Holding My Father's Prayer Book
My recollections of childhood High Holidays in Brooklyn are suffused with images of my parents’ cerebral palsy disability. Although I attended Jewish day school, we were not regular Shabbat shul-goers. My parents were physically exhausted from the work week and could not climb the long flight of stairs at our synagogue without assistance. On Rosh HaShanah, however, my father and I did attend services, and on Yom Kippur, my mother joined us.
We belonged to a small, nondescript congregation of mostly lower and middle-income families and senior citizens. My parents were an institution in our neighborhood, having lived there for decades; everyone knew and accepted them, and there was always someone to help them with the stairs before and after services. As the chazzan droned on, people talked quietly among themselves, periodically hushed by the rabbi and chiming in to pray.
Spirituality comes in strange packages, in odd moments and places. What many might imagine to have been a dreary religious obligation was, for me, a highly emotional, touching experience.
My father has been unable to use his hands since birth due to cerebral palsy. As soon as I was old enough, I began holding his machzor (holiday prayer book) for him when we were at shul on the High Holidays. I was short, so I had to concentrate on holding the prayer book high enough that my father could see the words when we stood. I prayed faster than my father did, so I waited at the end of each page until he murmured “turn.” I remember the parts of the service that moved him, particularly the sentence from the Yom Kippur liturgy, “Is Ephraim not my beloved son?” which always choked him up. I recall reading the Yom Kippur afternoon Torah and Haftarah portions with him: Jonah and the whale, sin, faith and redemption. And I can remember the exact page number in the siddur on which the Ne’ilah service ended, when we all rushed the exits and headed home to eat: 1017.
I didn’t spend much time hanging out with the other kids in the shul, but I didn’t mind; I knew time I spent outside the sanctuary was time my father was without a machzor.
Those long hours in shul next to my father were quiet, peaceful shared moments in our otherwise challenging family life. I loved it all – the familiar repetition, the deep emotions the liturgy evoked in my father. How wonderful that our calendar compels us to remember that indeed, we are like material in the hands of our Creator, “k’chomer b’yad ha’yotzer.” My father quietly sobbed during this prayer. Only now, as an adult, do I realize the power of a profoundly disabled man uttering these words with his entire heart and soul, an existential proclamation that we are all humble before the vagaries of life’s Ultimate Power, however we perceive it.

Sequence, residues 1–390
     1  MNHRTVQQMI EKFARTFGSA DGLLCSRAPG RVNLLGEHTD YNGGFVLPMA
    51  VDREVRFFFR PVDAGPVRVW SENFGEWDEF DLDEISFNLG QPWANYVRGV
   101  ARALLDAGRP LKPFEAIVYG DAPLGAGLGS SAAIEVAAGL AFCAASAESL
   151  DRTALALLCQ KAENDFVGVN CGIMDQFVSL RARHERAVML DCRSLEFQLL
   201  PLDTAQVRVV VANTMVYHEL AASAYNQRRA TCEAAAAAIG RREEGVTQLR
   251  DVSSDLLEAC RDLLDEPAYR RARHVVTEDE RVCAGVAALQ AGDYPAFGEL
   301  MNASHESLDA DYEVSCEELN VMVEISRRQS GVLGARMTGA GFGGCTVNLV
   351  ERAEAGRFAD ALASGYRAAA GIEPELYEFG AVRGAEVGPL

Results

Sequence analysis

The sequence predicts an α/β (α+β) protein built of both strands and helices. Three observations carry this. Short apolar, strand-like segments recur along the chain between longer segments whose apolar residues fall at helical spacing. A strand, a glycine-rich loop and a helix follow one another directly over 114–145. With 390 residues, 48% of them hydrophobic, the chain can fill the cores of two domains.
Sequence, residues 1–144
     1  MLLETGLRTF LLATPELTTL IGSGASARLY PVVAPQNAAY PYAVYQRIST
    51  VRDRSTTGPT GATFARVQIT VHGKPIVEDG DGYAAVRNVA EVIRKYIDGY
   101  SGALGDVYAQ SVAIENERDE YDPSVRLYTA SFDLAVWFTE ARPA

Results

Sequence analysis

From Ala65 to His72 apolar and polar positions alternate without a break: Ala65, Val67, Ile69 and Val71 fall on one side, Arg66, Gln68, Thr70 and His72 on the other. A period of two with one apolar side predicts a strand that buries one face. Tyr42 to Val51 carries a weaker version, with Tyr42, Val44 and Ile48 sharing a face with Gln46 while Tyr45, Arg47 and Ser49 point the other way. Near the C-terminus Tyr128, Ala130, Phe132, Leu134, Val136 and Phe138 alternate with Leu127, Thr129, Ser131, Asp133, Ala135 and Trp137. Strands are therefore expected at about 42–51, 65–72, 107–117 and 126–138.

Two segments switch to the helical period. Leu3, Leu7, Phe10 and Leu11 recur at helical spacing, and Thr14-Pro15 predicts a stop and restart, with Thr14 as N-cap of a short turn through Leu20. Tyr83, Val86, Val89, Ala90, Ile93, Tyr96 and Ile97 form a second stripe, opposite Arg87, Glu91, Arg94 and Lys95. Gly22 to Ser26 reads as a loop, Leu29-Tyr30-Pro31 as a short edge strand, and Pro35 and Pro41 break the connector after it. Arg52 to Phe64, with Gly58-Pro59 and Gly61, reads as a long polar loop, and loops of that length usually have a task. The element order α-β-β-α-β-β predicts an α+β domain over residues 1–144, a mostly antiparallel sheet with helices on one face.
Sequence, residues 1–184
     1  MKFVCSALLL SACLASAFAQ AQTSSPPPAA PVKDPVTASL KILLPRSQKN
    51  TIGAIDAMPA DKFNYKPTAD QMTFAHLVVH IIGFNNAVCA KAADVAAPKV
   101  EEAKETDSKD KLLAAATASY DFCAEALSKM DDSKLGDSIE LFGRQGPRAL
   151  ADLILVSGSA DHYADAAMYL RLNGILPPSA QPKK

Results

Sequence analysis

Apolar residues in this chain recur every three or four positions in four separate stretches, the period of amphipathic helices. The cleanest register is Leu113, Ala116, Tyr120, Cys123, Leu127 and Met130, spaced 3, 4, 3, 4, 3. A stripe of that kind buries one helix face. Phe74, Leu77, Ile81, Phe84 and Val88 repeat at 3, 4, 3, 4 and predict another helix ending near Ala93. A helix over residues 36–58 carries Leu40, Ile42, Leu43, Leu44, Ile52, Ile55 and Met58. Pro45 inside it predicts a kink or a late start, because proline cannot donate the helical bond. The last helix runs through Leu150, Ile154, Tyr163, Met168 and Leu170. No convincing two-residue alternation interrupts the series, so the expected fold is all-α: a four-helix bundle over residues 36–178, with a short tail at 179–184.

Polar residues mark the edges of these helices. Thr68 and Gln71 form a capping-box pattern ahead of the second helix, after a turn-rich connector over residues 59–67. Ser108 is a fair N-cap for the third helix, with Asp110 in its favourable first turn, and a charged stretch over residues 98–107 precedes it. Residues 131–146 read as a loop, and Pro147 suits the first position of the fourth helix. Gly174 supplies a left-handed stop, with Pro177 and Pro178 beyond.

Even as a small child, I knew that in holding my father’s machzor, I was performing a mitzvah (commandment or good deed). To help another Jew access prayer, to allow him to speak to God in the way his tradition tells him to, was special.
It has been years since my father and I have spent the High Holidays together. I married, moved to Maryland, and had children. It became too difficult to travel for the holidays with my boys, and eventually, my parents could no longer climb the steps to their shul, even with assistance.
This summer, against their will, my parents left their beloved neighborhood. After a long struggle with Medicaid, I was told that New York State would no longer provide aid for them in their own residence – so they left their apartment of nearly 40 years and became residents of the Hebrew Home of Greater Washington.
In giving up their home, their independence, and everything that was dear to them, my parents suffered an incalculable loss. However, the one thing they regained was their ability to be part of a Jewish community. My father quickly became a regular at Shabbat services and weekly Torah study sessions – and I look forward to reclaiming my place as the holder of his machzor, a powerful mitzvah I will share with my sons.
We are blessed in our larger community to have many “machzor holders”: individuals who work tirelessly to make Jewish houses of worship, schools, and other institutions accessible and open to people with disabilities. Too often, the work is discouraging and frustrating – our community has such a long way to go in treating disabled Jews as equal, visible, proud members of our people.
To the people who do this work, I say: Every success you achieve helps one more adult to pray, one more child to learn Jewish tradition, and one more congregation to learn how to treat disabled people with respect and dignity. You are engaged in holy work, as surely as if you were holding a machzor for each and every disabled person in our midst.
Guila Franklin Siegel, an attorney by training, worked for more than a decade in the areas of Jewish social change and Jewish philanthropy. She lives in the Washington D.C. area.